Blue Valley school board candidates on the issues: Technology in the classroom

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In August, we asked our readers about the issues you wanted to hear the candidates running for Blue Valley school board address. Based on your feedback, we developed a five-item questionnaire touching on the most important issues to patrons of the district.

Each day this week, we will publish the candidates’ responses to one of five questions. Today, we are publishing candidates’ responses to the following question:

What are your views about the role of technology in the classroom? Are you comfortable with the amount of time students spend on screens during the school day? Why or why not?

Below are the answers the Post received from the candidates on this issue:

Member 4 Area

Andrew Van Der Laan

I was a big skeptic of the 1:1 Learner initiative when it first launched, and I couldn’t fathom why the school district wanted to put three extra screens in my home. Then the pandemic hit, all three of my kids attended virtual school, and I was immensely thankful the school had provided those resources. Technology was crucial to educating all of our students during the pandemic.

As we move back into the classroom, technology will continue to be key. Blended learning that integrates technology into curriculum will help prepare our kids for an increasingly digital future. We should draw a distinction between productive screen time and screen time used as a filler or a crutch and make sure that younger students in early elementary have less screen time.

Critics of educational technology often worry that students won’t learn critical thinking, problem solving, communication and other key skills. The answer to this concern is of course investing in excellent teachers — because good teachers will always use technology as a tool in service of learning rather than an end goal.

Kaety Bowers

Did not respond.

Member 5 Area

Gina Knapp

Technology is an essential component of education today. Blue Valley has been recognized as one of the top ten districts in the country for six of the last eight years by the National School Board Association and the Center for Digital Education. This is a result of the District’s efforts to integrate technology into the classroom and provide teachers the knowledge they need to make this a success.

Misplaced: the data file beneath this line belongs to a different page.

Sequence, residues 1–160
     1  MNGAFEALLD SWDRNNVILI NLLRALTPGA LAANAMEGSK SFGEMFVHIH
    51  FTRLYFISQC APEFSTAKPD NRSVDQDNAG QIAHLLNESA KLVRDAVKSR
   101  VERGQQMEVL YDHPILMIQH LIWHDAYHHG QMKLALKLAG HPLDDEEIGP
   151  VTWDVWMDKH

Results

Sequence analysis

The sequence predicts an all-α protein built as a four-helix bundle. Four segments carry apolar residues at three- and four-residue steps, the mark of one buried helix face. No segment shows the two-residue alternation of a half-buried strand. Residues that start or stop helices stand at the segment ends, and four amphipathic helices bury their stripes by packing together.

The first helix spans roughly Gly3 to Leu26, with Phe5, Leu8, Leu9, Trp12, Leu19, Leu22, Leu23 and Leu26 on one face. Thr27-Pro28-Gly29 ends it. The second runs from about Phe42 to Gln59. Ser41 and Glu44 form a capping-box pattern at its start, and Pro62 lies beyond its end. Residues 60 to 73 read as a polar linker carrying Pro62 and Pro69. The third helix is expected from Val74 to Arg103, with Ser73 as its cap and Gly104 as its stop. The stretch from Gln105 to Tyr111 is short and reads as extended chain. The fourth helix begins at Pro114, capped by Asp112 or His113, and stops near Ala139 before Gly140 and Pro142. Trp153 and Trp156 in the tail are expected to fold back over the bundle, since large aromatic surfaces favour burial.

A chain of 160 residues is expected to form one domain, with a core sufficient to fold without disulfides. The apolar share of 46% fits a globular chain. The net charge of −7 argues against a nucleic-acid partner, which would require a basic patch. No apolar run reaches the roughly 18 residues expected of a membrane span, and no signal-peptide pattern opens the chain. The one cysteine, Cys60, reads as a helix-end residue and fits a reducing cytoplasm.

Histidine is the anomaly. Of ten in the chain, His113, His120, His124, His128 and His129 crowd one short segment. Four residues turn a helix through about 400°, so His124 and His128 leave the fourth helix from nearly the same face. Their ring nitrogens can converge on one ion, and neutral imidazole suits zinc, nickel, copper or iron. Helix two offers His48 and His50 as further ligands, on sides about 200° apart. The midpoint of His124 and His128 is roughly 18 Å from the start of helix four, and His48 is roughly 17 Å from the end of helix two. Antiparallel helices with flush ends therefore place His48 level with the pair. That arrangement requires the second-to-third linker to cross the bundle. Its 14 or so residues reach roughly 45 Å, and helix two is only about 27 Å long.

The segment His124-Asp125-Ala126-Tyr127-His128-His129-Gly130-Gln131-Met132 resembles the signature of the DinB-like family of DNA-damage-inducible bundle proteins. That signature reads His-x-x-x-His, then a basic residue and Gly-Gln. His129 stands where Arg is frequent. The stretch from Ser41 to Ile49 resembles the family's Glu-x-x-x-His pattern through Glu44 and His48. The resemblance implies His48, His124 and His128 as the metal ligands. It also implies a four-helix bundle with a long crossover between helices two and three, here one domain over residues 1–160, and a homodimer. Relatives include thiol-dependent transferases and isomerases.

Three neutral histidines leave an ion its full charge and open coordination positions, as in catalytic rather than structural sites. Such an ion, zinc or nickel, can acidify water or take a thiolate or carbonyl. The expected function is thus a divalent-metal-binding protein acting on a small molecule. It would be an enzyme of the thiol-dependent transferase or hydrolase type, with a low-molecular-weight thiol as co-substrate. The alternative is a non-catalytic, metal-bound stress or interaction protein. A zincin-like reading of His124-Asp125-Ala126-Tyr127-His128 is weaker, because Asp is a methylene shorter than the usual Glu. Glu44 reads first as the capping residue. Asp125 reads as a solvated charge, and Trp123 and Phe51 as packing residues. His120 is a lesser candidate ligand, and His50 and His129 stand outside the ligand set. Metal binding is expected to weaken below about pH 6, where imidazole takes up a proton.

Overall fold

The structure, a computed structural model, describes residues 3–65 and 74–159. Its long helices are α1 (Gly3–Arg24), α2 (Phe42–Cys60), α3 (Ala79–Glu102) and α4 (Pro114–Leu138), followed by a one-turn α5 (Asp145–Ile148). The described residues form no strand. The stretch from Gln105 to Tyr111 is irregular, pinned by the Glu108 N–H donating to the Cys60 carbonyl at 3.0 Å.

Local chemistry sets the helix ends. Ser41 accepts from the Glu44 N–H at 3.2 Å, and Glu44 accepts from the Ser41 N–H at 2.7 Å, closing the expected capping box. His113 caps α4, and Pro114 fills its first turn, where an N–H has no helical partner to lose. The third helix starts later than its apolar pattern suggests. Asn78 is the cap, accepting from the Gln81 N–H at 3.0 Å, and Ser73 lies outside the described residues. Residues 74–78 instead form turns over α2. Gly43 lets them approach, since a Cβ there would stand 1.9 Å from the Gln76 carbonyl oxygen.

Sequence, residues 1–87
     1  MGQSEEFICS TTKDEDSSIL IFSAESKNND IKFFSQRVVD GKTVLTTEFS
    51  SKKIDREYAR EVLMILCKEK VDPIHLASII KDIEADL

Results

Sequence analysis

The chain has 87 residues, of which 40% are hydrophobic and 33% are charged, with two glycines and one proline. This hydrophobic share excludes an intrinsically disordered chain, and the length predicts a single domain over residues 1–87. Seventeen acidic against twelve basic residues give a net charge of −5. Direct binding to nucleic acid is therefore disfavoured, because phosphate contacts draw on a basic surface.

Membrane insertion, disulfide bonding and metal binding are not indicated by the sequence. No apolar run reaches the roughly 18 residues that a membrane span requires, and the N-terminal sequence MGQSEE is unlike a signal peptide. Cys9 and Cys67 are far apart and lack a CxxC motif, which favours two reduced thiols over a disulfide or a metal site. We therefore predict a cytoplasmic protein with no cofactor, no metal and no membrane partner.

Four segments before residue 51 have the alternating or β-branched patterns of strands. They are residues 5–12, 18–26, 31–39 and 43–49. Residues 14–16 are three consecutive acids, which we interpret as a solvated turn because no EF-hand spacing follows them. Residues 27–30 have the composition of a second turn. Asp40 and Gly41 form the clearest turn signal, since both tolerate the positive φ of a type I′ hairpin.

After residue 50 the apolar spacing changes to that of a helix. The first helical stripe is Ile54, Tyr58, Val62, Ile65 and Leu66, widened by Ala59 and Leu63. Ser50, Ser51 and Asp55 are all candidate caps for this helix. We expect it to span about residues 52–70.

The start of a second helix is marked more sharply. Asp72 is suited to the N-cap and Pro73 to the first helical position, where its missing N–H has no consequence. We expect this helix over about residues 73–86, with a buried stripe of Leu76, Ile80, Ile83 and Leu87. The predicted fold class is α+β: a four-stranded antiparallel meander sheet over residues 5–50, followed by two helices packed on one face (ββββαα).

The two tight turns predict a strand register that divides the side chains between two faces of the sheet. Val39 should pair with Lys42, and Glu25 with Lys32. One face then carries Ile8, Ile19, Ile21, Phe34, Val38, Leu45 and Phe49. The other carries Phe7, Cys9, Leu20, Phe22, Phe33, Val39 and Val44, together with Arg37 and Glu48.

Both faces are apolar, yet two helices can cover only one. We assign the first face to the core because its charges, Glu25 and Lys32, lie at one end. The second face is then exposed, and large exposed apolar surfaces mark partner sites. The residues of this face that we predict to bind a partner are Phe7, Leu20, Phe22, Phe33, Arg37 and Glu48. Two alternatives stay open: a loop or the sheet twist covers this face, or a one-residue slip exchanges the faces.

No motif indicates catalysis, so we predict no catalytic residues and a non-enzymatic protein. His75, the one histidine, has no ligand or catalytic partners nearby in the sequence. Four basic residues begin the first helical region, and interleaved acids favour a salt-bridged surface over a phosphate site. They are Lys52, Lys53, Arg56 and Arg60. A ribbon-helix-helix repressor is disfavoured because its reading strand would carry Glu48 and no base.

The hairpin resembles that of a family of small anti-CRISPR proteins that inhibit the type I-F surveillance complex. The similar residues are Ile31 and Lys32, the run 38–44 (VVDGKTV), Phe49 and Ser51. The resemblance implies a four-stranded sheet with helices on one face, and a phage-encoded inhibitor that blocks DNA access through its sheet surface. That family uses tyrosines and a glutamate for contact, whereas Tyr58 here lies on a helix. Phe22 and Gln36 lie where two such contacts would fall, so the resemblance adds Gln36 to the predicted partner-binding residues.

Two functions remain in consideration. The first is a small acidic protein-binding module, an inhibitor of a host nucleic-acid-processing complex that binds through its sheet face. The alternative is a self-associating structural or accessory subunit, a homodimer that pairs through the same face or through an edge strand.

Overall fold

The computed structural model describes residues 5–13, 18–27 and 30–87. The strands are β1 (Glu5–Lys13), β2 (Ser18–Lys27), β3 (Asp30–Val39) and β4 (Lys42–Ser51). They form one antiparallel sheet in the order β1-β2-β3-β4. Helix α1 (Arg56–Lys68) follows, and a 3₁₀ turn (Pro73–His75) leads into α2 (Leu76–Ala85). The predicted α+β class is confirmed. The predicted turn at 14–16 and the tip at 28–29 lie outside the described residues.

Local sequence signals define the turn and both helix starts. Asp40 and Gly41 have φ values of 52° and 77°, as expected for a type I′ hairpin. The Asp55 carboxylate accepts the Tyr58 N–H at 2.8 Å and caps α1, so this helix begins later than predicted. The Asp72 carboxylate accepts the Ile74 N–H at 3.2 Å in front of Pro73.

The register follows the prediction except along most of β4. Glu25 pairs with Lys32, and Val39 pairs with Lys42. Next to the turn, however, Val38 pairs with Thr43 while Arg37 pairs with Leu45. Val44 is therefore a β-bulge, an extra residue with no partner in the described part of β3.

Students have access to so much more knowledge and learning strategies because of technology. This is an advantage and I embrace it. To be clear, kids aren’t only taught on screens. There are still lots of hands on learning, activities, worksheets and books still be utilized. We are better off for all of it.

Christine White

Christine White’s name will appear on the Nov. 2 ballot, but she has said she is not actively campaigning and will not accept the office if elected.

Member 6 Area

Lindsay Weiss

As a parent, I know many of us struggle with screen time. I understand the interest in this topic — I have served a couple of terms on our Curriculum & Instruction Board Advisory Committee and this topic is discussed extensively every year. Over time, I think Blue Valley has really refined its approach to technology in the classroom. Technology is never a substitute for instruction, but can be applied mindfully — usually to enhance learning or make it more efficient.

During the pandemic, technology was a lifeline for our students. I have never been so thankful for 1:1 devices. As districts around the country completely lost touch with their students for weeks at a time, ours still had a connection with their familiar people — their teachers and their classmates — which made a period of uncertainty and anxiety feel a little more settled.

I have also found the district to be accommodating when technology isn’t the best fit for a student. I have a kiddo that doesn’t do as well with online textbooks in classes that require a lot of reading. She is always able to request a hardcover textbook free of charge, and it makes all the difference. I also know kids who do better when physically writing their assignments/papers versus typing them on a device. This is easy to do, even in Canvas, where kids can just snap a pic of the assignment and upload it.

I think we have a responsibility to teach kids how to use technology in their daily lives to prepare them for college and careers and to teach them how to use it safely. I do think Blue Valley has put together an approach over time that accomplishes this and does it in a progressive manner with age-appropriate usage.

Jim McMullen

I am decidedly in the camp that favors limiting technology access for children in the classroom as long as possible for a few reasons:

  1. Constant access to technology is distracting
  2. Kids have plenty of access to technology outside of school
  3. Research points to far better retention rates of information from use of physical books and writing with pen and paper.

I recognize that I have a bias for how I learned as a kid and also how my older children learned in their earliest years. Our oldest children were in middle school before there was any push to introduce much technology in the classroom. We cannot bury our heads in the sand and pretend like we are not living in the technology age, and there are technology learning aids that enhance the learning process, so I do not advocate for a technology-free classroom.

Nevertheless, I believe all of our children would develop better intellectually if our classrooms had very limited use of technology, and we trained them in all disciplines by heavy reliance on use of physical books, pen/pencils and paper.

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Staff Report
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